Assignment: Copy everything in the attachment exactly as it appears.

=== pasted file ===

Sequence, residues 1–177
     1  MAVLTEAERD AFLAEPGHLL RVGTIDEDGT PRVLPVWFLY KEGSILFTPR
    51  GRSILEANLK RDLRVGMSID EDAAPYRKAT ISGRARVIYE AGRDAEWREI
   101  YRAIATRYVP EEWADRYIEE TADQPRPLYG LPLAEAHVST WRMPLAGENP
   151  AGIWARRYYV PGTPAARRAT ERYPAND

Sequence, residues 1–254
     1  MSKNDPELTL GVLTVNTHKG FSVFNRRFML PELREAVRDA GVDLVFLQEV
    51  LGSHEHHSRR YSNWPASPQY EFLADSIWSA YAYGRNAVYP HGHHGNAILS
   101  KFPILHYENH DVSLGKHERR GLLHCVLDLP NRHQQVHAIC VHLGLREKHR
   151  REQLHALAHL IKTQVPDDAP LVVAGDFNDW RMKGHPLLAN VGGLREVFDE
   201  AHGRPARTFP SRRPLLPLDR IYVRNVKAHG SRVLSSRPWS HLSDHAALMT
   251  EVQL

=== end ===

Sequence, residues 1–177
     1  MAVLTEAERD AFLAEPGHLL RVGTIDEDGT PRVLPVWFLY KEGSILFTPR
    51  GRSILEANLK RDLRVGMSID EDAAPYRKAT ISGRARVIYE AGRDAEWREI
   101  YRAIATRYVP EEWADRYIEE TADQPRPLYG LPLAEAHVST WRMPLAGENP
   151  AGIWARRYYV PGTPAARRAT ERYPAND

Sequence, residues 1–254
     1  MSKNDPELTL GVLTVNTHKG FSVFNRRFML PELREAVRDA GVDLVFLQEV
    51  LGSHEHHSRR YSNWPASPQY EFLADSIWSA YAYGRNAVYP HGHHGNAILS
   101  KFPILHYENH DVSLGKHERR GLLHCVLDLP NRHQQVHAIC VHLGLREKHR
   151  REQLHALAHL IKTQVPDDAP LVVAGDFNDW RMKGHPLLAN VGGLREVFDE
   201  AHGRPARTFP SRRPLLPLDR IYVRNVKAHG SRVLSSRPWS HLSDHAALMT
   251  EVQL